A statewide database aimed at cracking down on the state's pill mills leaked thousands of patients' personal information, even though some of the details were not part of any criminal investigation, the American Civil Liberties Union said Tuesday.
Personal details, including dosage amounts, birthdates, addresses and other information was given to Volusia County prosecutors and defense attorneys who were working on six criminal cases. The ACLU said someone who was not part of a criminal investigation found out their prescription information was also given to the lawyers. Someone who received the information noticed a colleague's name on the list and alerted them. But it's unclear how many patients had information leaked who were not part of a criminal investigation.
Florida lawmakers approved the database, which tracks prescriptions for painkillers and other highly abused drugs, in a 2009 vote that split GOP legislators for weeks. The system was plagued by a series of political, legal and financial obstacles. It wasn't up and running until late 2011.
"We want to know how this monumental breach of security and confidentiality occurred, and how a state-mandated database could apparently be so misused that it led to the widespread distribution of intimate medical information unconnected to any ongoing investigation," ACLU of Florida Associate Legal Director Maria Kayanan said in a statement.
A spokeswoman for the Department of Health, which oversees the database, said law enforcement officials have a duty to protect the confidentiality of the information during a criminal investigation and implied that did not happen in this case, but did not elaborate.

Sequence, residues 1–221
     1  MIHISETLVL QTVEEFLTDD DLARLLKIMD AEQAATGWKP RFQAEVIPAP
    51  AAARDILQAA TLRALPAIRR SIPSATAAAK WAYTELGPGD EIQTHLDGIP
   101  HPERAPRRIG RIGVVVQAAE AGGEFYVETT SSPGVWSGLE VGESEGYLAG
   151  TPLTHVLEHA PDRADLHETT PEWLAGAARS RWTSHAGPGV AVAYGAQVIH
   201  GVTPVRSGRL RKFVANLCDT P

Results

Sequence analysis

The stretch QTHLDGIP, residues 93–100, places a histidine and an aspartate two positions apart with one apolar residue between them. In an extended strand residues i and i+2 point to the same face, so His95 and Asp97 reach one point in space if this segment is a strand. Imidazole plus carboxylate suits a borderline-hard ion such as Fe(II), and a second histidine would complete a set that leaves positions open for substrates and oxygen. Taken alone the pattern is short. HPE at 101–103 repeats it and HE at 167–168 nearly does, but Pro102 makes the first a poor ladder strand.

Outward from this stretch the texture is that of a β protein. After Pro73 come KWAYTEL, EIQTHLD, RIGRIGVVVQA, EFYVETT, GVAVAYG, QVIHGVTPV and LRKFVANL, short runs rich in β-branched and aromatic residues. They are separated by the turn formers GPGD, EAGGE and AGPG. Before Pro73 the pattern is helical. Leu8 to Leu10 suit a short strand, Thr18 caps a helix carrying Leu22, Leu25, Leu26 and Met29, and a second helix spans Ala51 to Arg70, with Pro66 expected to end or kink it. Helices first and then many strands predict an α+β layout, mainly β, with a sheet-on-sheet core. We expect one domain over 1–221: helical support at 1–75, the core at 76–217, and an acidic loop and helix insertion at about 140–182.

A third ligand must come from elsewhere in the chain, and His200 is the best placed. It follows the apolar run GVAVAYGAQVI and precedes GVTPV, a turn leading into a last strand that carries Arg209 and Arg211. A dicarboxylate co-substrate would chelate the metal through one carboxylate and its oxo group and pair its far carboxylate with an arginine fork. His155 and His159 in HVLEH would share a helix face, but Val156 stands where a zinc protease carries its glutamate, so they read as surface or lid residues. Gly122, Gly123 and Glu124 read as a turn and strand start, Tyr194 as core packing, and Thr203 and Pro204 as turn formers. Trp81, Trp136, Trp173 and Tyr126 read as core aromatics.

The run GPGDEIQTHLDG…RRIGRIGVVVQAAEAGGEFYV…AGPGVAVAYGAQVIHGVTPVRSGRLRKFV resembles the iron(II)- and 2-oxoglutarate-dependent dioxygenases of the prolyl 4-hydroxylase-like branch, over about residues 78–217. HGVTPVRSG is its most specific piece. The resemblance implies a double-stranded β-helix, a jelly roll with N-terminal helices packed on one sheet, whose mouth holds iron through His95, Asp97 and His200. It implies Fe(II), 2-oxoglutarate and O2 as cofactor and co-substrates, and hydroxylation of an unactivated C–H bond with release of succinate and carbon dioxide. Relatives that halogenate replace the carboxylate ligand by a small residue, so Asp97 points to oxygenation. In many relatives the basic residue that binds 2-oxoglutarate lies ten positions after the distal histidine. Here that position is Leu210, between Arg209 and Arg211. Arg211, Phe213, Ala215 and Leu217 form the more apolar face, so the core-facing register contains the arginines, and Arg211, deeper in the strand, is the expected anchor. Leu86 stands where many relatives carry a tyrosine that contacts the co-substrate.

But the ACLU said law enforcement does not have direct access to the database and that prescription information is only given through the database's program managers. Requests for prescription information to help build criminal cases must also be focused and specific to prevent fishing expeditions.
Law enforcement officials said Florida has become the nation's epicenter of prescription drug abuse, at least in part because it was among several states that were late to implement monitoring programs.
The system was first was hampered by a lack of state funding and was forced to rely, instead, on federal grants and private contributions.
Gov. Rick Scott tried to kill it with help from House Speaker Dean Cannon, R-Winter Park. The Republican governor relented in the face of opposition from Attorney General Pam Bondi, former Senate President Mike Haridopolos and other senators who refused to repeal the law that created the Prescription Drug Monitoring Program.
Scott had questioned the system's effectiveness and said he was worried it might invade patients' privacy, but has since changed his tune and recently signed a bill awarding the database $500,000 in the coming fiscal year.
A spokeswoman for Bondi, who lobbied hard for the program, said there were strong safeguards limiting access to patient information in the program, and stressed those safeguards have not been compromised.
The database is "an important tool in the fight against prescription drug abuse, and for the first time in nearly a decade, prescription drug-related deaths have declined," said spokeswoman Jenn Meale.
Florida deaths due to oxycodone have decreased by 17 percent and the number of doctor shoppers has decreased by nearly 58 percent since the database started, state health officials said.